“If ye abide in me, and my words abide in you, ye shall ask what ye will, and it shall be done unto you” – John 15:7
Last week I was on the 10th floor of the Central Bank of Barbados looking down on the roof tops of Bridgetown. I was awaiting the start of a meeting, when I remarked to the other person in the room that I anxiously anticipated the day when those roof tops, basking in the glory of the free solar insolation, would be part of the Barbados electricity production system. As we looked out we could see several solar water heaters dotted on these roof tops as part of the widespread solar thermal system to meet the domestic, commercial and industrial needs of the occupants of the buildings. This was an extremely successful project which blossomed in an environment of Government incentives. Covering the tops of these roofs with photovoltaic modules would capture that much more of the incident solar energy, this time for the production of “solaricity” which would be fed into the national electricity grid.
At a recent seminar at UWI, I was reminded of an analysis done by the late Honourable Professor Oliver Headley to the effect that the solar energy collectively incident on each square metre of Barbados in a single day, if efficiently converted, was equivalent to the energy required to meet the Barbados electricity demand for an entire year. An opportunity waiting to happen!
My colleague quickly engaged me in dialogue and asked the question – but is it economically feasible? Assuming that this was a leading question, I immediately concurred and continued the dialogue. It gave me an opportunity to express regret that many investment assessments in the private sector are based on financial feasibility only and are rejected if not deemed financially viable. My contention is that each project should be assessed for economic feasibility as well and, if economically feasible, a partnership with the public sector, acting on behalf of the people of Barbados, should be sought so that the country may benefit from the successful implementation of a business opportunity. Each such successful business opportunity will contribute to economic growth.
Let us consider photovoltaic electricity production in Barbados to be fed into the national grid which is controlled by the Barbados Light & Power company. If the financial feasibility determined that the cost per kWh of the solaricity is higher than the fossil fuel source then to do business at the higher price will be a bad decision by the company since it will be detrimental to its shareholders.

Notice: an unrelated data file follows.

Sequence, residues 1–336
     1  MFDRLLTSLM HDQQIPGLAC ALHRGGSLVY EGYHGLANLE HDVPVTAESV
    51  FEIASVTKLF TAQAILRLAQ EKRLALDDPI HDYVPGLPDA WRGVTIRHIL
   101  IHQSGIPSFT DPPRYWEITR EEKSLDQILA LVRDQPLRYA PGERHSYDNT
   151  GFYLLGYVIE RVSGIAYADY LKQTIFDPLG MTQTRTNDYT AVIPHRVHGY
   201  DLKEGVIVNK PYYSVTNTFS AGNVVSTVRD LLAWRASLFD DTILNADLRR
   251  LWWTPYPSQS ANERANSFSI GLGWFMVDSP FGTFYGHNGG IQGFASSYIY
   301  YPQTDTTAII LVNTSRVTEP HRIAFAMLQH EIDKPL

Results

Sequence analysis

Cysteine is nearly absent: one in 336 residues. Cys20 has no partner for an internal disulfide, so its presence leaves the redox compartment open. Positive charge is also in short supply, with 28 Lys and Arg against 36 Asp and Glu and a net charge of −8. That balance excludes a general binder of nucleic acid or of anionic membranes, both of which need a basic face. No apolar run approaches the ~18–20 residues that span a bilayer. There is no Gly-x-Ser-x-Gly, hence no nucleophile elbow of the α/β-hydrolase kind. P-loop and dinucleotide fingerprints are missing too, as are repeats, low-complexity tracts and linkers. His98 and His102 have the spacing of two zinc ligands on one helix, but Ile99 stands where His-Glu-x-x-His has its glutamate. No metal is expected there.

If, however, the economic feasibility was viable and determined that the use of the free solar source of energy included the following macro-economic benefits: (1) job creation through the assembly of photovoltaic modules, (2) savings in foreign exchange because of a reduction of fossil fuel imports, (3) a desirable level of energy security, (4) an enhancement of the carbon credit economy, stimulated by the Kyoto protocol, which is an action linked with the reduction of the atmospheric concentration of Carbon Dioxide and (5) environmental cleanliness, then the company should seek a partnership with government and other private sector interests so that the country will benefit. If the country does well then we all do well.
In Barbados, there should be a clear delineation of the roles of the primary social partners in support of optimal advancement of the Social Compact and these, in my opinion, should be stated as: (1) the role of the private sector is to do business in an efficient and competitive manner towards the end of achieving sustainable profitability, employment and net foreign exchange gains; (2) the role of government is to provide regulatory and service functions towards a user friendly enabling environment; and (3) the role of the trade union is to induce employer/employee harmony in the interest of enhancing productivity for fair compensation.
In the case of solaricity production, the financial feasibility will be more and more attractive as the price of fossil fuel rises and the photovoltaic technology becomes more and more efficient. Even if the financial feasibility is deemed to be marginal, my view is that the economic feasibility will be viable and this will require government to play its role as a regulator and service provider in the interests of the consumers in Barbados. As a regulator Government must harmonise private sector and consumer interests with those of the BL&P Company and as a service provider Government must inject financial capital, the return on which would be the macro-economic benefits stated above. This economic feasibility must now be confirmed scientifically.
In the agricultural sector led by import substitution, exotic exports and backward linkages to agriculture from other sectors e.g. tourism, condiments and bio-diesel, similar arguments apply. This time the macro-economic benefits are (1) job creation through greater farmer activity, (2) savings in foreign exchange because of import displacement, (3) a desirable level of food security, (4) earnings of foreign exchange from exotic exports and condiments, (5) optimal use of land and water resources towards protection against soil erosion and of watersheds and (6) plant absorption of carbon.
Let us move ahead in partnership with a mutual confidence in each other and it shall be done unto you.